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Made in Heaven or alternately, in China

24 Sep

This was an advertisement I saw in Face Book today:

Mangalsutra – Buy 1 get 1 free!

What is the fuss?  What is a ‘Mangalsutra’?

It is the Indian equivalent of the wedding ring, but unlike the wedding rings, this chain-with-a-pendant(s) is worn solely by the wife. Every community in India (irrespective of religion) has its own version of this ornament that signifies that you carry your husband close to your heart. You can look it up on Wikipedia here.

In my family, making of a Mangalsutra is a ceremony by itself. After the wedding date has been set (with or without the agreement/acknowledgement of bride and groom), a ‘holy’ day is chosen to cast this all-important pendant that carries more weight than its mere weight in gold. Yes, it is cast out of 22 carat gold. This gold may partly be contributed by the groom’s ancestors or could be purchased completely new. It has to be the groom, though, that pays for it.

Of course, the melting and the final casting will be done by an artisan who has been doing this for at least 25 years, if not more – he has to be a master goldsmith. Because, the belief is, if not done with a pure heart and holy blessings and in the right manner, it could make or break a marriage.

And you thought making of the ‘One Ring’ was difficult! Move over, Sauron!

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Hit or Miss (America)

18 Sep

I know a lot has been written about the Miss America pageant already and I have probably missed the boat (sorry, I have been busy living my life) but better late than never, right?  So here goes – my rantings on this subject for your personal pleasure!

My question for all americans that made sarcastic tweets about immigrants – I paraphrase Chris Rock’s question from Lethal Weapon 4

“Your ancestors were native americans, were they?”

And now, for my most important question, to the Indians and Indian newspapers who oh-so with righteous wrath poured acid remarks on Americans:

“do you seriously believe that Ms. Davuluri would have won Miss India?!?”

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Mind track

11 Jul

I got a note from my 8-yr old son’s Hindi teacher yesterday, saying that he was singing during the lessons and had disturbed the class. My son is usually a well-behaved child – sometimes so well-behaved that I worry if he will ever have any fun or grow up to regret not having been naughty! And then there are times like this….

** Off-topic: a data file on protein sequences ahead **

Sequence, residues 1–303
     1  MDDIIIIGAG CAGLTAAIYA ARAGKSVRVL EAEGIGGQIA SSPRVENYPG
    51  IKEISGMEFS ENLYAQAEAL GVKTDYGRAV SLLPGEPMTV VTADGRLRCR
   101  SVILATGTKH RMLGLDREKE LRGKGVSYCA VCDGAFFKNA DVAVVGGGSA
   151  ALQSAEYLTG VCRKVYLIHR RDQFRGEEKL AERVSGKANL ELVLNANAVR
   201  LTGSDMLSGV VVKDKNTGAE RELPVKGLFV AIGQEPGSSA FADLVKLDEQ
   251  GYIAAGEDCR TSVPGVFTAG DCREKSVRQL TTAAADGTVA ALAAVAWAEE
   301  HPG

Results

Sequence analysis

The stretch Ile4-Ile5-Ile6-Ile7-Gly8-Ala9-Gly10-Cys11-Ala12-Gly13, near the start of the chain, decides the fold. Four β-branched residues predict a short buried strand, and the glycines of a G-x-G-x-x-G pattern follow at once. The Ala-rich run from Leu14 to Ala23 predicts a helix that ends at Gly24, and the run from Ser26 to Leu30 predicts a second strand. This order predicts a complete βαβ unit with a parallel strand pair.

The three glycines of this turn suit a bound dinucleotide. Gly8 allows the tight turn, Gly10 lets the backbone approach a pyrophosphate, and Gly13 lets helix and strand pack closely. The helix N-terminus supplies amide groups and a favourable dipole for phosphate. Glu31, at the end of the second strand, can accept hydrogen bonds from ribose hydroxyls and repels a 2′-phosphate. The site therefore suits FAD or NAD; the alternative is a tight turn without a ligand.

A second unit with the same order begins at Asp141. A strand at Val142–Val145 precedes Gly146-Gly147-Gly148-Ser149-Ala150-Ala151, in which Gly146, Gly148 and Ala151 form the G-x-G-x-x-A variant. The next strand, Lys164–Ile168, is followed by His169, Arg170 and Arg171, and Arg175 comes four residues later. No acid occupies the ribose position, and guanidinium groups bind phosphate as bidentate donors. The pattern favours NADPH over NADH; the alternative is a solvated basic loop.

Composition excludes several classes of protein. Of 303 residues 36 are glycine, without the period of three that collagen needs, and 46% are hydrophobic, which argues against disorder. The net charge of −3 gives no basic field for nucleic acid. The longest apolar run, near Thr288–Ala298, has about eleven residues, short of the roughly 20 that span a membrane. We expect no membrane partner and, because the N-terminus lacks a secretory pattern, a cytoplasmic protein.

I asked him why he did that and he told me that he just couldn’t get this song off his mind and did not realize that he was humming it and did not intend to disturb the class. We are not native Hindi speakers and having had had no exposure to that language till he turned 7, my son finds it difficult to follow the lessons sometimes. So I wanted to give him the benefit-of-doubt that his mind wandered during the class. After giving him a stern talk-to about how learning anything will only make him smarter and how he should never ever disturb others even if he cannot follow what the teacher is saying, I asked him what he was singing. It was this silly song from ‘The Diary of the Wimpy Kid‘, he said.

And now I have been infected! I have a tendency to have a soundtrack running in my head all the time, be it a song or music or even prose – my mind has an audio and video track. I marvel at what the human brain is capable of – chopping broccoli and my brain is singing a salsa song! Just imagine what this seemingly simple task involves – your eye co-ordinating with your hand so that you do not chop off your finger by mistake and in addition, your brain is screening your last Zumba lesson complete with the Salsa track plus all the involuntary things going on – breathing, heart-pumping etc. Amazing! And then you have this ear worm phenomenon where a song repeats in your head like a broken record!